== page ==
Africa boasts of an abundance of natural resources, in particular aquatic and marine resources, with a potential that has not yet been fully tapped in the context of economic growth and sustainable development. The African Great Lakes constitute the largest proportion of surface freshwater in the world (27%). This becomes therefore a globally important strategic resource as reserves of freshwater are dwindling in most parts of the world.
As the world gets used to new forms of interconnectedness, Africa is not left aside. Today, more than 700 million Africans are subscribed to mobile services with many wealthy Africans proudly displaying more than one cell, a symbol of a newly acquired social status. The proliferation of mobile networks has transformed communications, businesses or banking, enabling a jump unimaginable just a few years ago. Thanks to technology we are witnessing new forms of integration.
Is aviation going to be the next big integration magnet?
At a time when Africa has bold aspirations, through Agenda 2063, to confront large scale challenges like the ascendant demographic curve, green industrialization and domestic resource mobilization, it is imperative that innovation be inclusive in order to facilitate the creation of decent jobs, generate investments, and contribute to the continent’s structural transformation. As a late comer, Africa has the advantage to leapfrog technologies, learn from others mistakes and reinvent things differently in a way that promotes sustainability as well as inclusiveness.
Africa's "Blue world" is made of vast lakes and rivers and an extensive ocean resource base. Thirty-eight of the fifty-four African States are coastal States. More than 90 percent of Africa’s imports and exports are conducted by sea and some of the most strategic gateways for international trade are in Africa, underscoring the geopolitical importance of the region. Maritime zones under Africa’s jurisdiction total about 13 million square kilometres including territorial seas and approximately 6.5 million square kilometres of the continental shelf.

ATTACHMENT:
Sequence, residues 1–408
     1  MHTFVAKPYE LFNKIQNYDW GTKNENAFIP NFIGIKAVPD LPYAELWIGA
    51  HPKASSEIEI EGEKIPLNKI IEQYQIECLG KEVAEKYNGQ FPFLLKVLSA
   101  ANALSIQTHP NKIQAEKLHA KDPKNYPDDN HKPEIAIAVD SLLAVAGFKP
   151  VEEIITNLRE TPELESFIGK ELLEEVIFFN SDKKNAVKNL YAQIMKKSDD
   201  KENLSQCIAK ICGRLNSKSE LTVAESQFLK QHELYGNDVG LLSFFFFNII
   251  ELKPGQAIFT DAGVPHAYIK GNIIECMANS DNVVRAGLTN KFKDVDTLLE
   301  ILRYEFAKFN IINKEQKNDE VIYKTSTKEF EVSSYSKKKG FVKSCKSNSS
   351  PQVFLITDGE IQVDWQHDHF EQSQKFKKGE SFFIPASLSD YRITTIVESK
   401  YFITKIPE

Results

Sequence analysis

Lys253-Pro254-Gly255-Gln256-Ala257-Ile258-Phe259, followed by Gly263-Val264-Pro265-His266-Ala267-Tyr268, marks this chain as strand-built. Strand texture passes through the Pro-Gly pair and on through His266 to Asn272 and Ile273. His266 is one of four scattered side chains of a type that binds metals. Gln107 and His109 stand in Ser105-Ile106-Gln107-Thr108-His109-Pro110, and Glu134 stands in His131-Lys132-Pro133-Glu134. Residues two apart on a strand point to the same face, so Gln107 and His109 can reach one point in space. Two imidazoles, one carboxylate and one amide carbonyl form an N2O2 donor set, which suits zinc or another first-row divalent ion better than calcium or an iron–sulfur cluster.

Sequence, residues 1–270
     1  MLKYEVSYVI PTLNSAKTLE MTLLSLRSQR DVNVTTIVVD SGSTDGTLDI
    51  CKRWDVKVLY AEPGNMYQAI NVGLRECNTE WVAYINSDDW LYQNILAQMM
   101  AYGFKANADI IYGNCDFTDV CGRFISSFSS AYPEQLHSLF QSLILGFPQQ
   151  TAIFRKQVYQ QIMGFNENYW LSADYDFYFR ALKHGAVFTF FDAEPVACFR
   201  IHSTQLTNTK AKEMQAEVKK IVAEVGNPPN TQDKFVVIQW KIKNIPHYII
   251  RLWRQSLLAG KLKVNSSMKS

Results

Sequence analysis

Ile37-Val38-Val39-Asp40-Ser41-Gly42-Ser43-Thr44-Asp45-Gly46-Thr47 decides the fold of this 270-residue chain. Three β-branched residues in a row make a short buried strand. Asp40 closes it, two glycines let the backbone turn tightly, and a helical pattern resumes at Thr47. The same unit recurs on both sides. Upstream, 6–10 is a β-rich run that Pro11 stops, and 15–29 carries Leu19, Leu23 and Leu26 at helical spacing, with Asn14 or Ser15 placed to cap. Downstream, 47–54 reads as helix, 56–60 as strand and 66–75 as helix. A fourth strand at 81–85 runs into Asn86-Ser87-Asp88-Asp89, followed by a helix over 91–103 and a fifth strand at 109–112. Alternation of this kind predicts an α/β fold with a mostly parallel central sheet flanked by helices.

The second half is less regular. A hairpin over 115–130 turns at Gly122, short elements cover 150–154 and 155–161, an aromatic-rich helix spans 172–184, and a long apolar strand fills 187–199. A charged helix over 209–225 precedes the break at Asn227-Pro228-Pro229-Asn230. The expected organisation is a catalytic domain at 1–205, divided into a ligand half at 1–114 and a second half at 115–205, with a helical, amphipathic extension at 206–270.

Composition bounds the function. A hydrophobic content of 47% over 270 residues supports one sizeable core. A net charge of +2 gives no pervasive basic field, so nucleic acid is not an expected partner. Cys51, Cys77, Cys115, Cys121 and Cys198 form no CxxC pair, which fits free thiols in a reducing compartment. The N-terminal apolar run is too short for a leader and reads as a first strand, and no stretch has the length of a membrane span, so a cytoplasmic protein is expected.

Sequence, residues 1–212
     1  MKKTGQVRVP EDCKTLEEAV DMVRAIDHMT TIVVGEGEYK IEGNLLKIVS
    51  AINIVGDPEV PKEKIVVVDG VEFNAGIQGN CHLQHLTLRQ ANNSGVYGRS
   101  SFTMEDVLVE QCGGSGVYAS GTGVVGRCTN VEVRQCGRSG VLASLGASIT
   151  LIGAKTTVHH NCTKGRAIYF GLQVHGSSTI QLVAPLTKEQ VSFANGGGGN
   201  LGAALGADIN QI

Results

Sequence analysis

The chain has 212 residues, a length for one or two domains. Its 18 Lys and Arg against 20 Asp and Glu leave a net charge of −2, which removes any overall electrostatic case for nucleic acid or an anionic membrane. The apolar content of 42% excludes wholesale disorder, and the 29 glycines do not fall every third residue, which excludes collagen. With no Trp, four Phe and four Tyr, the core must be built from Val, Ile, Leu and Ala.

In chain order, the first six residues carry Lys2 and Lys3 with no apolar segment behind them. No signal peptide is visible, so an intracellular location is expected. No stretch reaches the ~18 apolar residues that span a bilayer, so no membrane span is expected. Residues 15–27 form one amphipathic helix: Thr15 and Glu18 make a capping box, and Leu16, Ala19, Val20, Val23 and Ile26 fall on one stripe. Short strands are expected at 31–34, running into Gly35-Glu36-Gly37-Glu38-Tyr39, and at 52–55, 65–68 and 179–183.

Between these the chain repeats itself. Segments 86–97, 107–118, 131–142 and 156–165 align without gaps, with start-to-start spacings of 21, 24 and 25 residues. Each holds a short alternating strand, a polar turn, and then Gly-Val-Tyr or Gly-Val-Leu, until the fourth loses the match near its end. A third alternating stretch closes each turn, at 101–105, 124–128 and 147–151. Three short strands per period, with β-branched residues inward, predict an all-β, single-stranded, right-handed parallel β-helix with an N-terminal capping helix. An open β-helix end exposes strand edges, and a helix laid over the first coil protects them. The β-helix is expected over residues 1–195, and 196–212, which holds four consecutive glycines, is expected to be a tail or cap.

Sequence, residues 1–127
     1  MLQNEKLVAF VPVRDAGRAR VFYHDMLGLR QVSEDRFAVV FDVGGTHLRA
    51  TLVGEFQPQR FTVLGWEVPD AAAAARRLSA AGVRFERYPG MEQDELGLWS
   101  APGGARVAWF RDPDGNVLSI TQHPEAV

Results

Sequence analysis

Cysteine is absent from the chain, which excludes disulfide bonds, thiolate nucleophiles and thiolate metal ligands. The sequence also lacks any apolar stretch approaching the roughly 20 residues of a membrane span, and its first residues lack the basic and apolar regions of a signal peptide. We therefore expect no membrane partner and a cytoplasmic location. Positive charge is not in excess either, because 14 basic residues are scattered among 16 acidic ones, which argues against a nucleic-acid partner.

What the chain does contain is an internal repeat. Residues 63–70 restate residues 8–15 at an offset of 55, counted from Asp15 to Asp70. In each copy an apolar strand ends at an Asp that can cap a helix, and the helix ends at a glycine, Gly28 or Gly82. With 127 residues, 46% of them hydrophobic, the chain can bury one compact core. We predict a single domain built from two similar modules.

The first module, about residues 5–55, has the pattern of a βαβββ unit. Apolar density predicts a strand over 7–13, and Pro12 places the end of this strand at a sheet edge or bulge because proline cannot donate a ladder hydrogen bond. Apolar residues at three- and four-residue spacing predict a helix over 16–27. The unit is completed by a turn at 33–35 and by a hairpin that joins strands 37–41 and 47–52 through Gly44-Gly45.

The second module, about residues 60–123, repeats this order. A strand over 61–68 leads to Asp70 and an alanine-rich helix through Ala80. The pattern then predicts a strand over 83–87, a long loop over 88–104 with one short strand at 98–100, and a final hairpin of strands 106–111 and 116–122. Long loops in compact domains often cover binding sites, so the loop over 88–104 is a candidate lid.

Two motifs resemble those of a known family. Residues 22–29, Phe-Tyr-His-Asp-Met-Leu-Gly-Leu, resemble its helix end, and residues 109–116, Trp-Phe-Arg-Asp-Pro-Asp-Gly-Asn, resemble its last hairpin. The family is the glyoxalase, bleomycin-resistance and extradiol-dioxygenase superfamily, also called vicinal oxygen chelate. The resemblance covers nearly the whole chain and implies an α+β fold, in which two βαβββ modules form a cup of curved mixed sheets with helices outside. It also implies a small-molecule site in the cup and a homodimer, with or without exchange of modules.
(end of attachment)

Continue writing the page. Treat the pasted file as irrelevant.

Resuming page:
The launch of the Continental Free Trade Area (CFTA) negotiations by the AU leaders in June 2015 in Johannesburgwas a milestone. Once in place, the free trade area will cover more than a billion people with a continental GDP of over US$ 3 trillion.
Governance and corruption are controversial issues of great significance for sustainable development. Fostering structural transformation requires more than a national policy and strategy in order to operate effectively in an increasingly globalized world. Globalization continues to alter countries’ growth trajectories, with grave implications for the poor by affecting their access to assets and markets. African countries need to translate opportunities offered by globalization into inclusive growth, increased poverty reduction and sustainable development.
With a land mass of over 30 million square kilometers, Africa is as big as India, China, the US and most of Europe combined. Betrayed by a Mercator map projection, the common view of the size of the continent has been diminished, pretty much the same way as other characteristics of the continent.
The domino effect of five central banks - Denmark, Switzerland, the European Central bank, the bank of Japan and more recently Sweden, slashing interest rates to sub – zero levels has certainly given many the chills. Viewed as a desperate move to stimulate growth by rewarding spending and penalizing savings – it is in fact more related to the unsustainability of public expenditure modelled for a demographic curve that is no longer there.